The health-care law which shall not be named is starting to get mentioned.

Twice today, Mitt Romney’s campaign has cited the health-care law he signed as Massachusetts governor — seeking credit for something it took pains to explain away during the Republican primary race.

Romney spokeswoman Andrea Saul, responding to a harsh new super PAC ad featuring a man who blames Bain Capital for his uninsured wife’s death, broke new ground for the campaign by praising Romney’s health insurance mandate.

“To that point, if people had been in Massachusetts, under Gov. Romney’s health care plan, they would have had health care,” Saul said on Fox News. “There are a lot of people losing their jobs and losing their health care in President Obama’s economy.” (These comments are around the 2-minute mark in the video above.)

Similarly, at an event in Iowa today, Romney seemed to suggest his bill qualifies him to tackle reforming Obama’s bill: “We’ve got to do some reforms in health care, and I have some experience doing that as you know, and I know how to make a better setting than the one we have in health care.”

It’s a very novel strategy. And it’s fraught with danger.

Obama’s health-care law remains perhaps the biggest arrow in the GOP’s 2012 election quiver, because it so motivates the GOP base against the president.

Romney has been criticized for enacting a very similar law in Massachusetts. He was largely able to finesse the issue in the primary season and gather conservatives to his side for the general election. But there remain some concerns that his own health-care law may make it harder for him to prosecute the case against Obama’s law.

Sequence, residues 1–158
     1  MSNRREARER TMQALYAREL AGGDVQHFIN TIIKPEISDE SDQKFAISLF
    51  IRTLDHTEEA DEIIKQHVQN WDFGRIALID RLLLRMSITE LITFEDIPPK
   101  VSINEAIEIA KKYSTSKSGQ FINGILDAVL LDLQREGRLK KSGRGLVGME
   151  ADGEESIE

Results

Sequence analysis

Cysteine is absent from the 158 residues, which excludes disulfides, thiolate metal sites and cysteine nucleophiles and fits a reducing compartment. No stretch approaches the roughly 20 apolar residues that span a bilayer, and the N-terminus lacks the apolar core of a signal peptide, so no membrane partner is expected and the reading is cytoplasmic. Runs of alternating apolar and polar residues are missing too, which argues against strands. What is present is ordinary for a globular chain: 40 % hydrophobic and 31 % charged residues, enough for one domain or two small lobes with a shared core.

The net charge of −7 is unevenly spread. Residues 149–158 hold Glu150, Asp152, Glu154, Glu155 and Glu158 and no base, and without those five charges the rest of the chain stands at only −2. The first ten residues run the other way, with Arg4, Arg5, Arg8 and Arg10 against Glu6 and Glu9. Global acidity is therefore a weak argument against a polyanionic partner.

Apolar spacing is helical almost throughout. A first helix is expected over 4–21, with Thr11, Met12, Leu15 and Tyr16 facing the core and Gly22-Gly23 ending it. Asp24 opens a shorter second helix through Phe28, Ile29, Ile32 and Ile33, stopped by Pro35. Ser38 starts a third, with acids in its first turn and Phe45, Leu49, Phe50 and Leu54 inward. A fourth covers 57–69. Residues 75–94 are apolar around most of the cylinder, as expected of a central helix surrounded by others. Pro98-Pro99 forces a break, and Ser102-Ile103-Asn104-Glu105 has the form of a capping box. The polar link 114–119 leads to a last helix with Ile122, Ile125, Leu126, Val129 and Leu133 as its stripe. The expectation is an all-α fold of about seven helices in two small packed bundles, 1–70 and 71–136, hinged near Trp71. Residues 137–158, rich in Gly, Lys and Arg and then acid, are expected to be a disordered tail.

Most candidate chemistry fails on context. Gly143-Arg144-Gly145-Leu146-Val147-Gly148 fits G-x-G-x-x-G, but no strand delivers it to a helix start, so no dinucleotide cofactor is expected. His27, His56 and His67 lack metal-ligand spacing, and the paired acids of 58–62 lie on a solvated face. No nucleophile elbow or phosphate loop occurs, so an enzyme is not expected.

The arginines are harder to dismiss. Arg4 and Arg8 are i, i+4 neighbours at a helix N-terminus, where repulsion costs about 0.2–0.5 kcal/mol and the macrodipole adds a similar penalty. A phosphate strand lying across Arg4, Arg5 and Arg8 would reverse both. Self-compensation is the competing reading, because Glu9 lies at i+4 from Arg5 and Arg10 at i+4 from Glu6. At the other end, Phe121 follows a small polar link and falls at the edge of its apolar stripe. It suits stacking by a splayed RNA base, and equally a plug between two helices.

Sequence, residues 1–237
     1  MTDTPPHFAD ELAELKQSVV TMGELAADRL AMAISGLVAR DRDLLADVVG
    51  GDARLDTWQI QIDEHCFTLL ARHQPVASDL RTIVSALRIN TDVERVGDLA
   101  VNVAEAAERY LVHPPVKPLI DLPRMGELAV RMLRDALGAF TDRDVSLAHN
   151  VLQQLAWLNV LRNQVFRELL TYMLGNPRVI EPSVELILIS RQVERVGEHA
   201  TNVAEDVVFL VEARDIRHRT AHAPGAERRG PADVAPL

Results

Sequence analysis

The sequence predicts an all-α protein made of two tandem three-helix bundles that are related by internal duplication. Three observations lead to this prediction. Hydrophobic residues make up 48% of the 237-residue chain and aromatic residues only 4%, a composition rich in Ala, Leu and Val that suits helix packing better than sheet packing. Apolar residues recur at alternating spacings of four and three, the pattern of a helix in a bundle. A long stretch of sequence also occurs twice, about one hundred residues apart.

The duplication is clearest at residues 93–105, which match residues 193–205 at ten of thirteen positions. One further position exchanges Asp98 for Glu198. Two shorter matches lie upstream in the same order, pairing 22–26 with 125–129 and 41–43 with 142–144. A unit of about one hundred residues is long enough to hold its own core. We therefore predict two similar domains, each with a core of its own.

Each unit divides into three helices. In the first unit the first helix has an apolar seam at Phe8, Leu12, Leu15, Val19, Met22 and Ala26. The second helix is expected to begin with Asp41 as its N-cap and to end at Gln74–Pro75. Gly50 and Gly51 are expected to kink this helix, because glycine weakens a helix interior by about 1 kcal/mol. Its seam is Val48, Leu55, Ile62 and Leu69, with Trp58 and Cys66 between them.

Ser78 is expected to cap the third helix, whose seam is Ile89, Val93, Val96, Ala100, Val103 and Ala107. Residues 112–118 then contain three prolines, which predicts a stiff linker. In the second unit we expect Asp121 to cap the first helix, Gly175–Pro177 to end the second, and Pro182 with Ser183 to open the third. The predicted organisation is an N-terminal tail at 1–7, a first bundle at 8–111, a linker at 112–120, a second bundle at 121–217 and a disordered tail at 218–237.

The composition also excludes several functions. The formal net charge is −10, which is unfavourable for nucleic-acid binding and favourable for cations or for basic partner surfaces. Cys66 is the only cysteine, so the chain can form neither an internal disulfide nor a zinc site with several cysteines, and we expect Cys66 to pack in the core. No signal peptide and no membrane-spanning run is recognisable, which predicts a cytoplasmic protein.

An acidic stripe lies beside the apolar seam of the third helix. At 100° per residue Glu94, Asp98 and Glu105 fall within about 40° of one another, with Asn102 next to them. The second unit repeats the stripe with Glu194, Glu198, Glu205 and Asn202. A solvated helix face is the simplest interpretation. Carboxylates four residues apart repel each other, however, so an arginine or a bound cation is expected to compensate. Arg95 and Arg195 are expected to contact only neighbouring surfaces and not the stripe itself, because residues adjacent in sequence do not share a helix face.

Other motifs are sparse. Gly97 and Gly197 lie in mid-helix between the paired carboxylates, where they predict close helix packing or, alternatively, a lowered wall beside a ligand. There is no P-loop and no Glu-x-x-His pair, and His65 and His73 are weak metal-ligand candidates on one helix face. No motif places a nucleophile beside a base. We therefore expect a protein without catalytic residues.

Top conservatives, including radio host Rush Limbaugh, were quick to criticize the move.

“Andrea Saul’s appearance on Fox was a potential gold mine for Obama supporters,” Limbaugh said. “They can say, ‘Romneycare was the basis for our health care.’” editor Erick Erickson agreed: “OMG. This might just be the moment Mitt Romney lost the election. Wow,” he tweeted . He added on his blog that this might be the moment of Romney’s “Read My Lips” betrayal of his right-wing supporters.

Conservative commentator Philip Klein added: “Not sure if the Romney camp realizes what a huge opening they’ve just created for Ds on Obamacare.”

Added a Republican strategist, granted anonymity to speak candidly: “I don’t get it, but I have never understood their position on the Massachusetts Plan. Doesn’t seem helpful to me.”

Saul’s comment, in particular, seems to try to take credit for the individual mandate portion of Romney’s health care bill, which to conservatives is the most objectionable portion of Obama’s bill.

Still, some say Romney may be wise to address the issue and suggest conservatives will turn out no matter what.

“It is a bit of a risk, but it would help blunt the ‘Romney wants to take away your health care’ argument,” said independent pollster Brad Coker. “I have a notion that the ‘conservatives are not going to show up’ is a canard. They might not love Romney, but they hate Obama more.”

Republican strategist Jon Lerner said he saw no problem with Romney making such a case.

“It’s perfectly appropriate for him to now talk about his experience in health care policy,” Lerner said. “Conservatives will not object, short of Romney embracing Obamacare, which is about as likely as him embracing the ‘you didn’t build that’ idea.”

Romney has generally distanced himself from his health-care law, noting that a Democratic-controlled state legislature made changes that he didn’t necessarily agree with. He has also made a federalist argument, saying that states should be entitled to make such changes, but that Washington shouldn’t institute a national bill.

It remains to be seen whether this was a calculated pivot by the Romney campaign or just some wayward messaging. The campaign has not yet responded to a follow-up question.

Updated at 4:07 p.m.

Philip Rucker contributed to this report.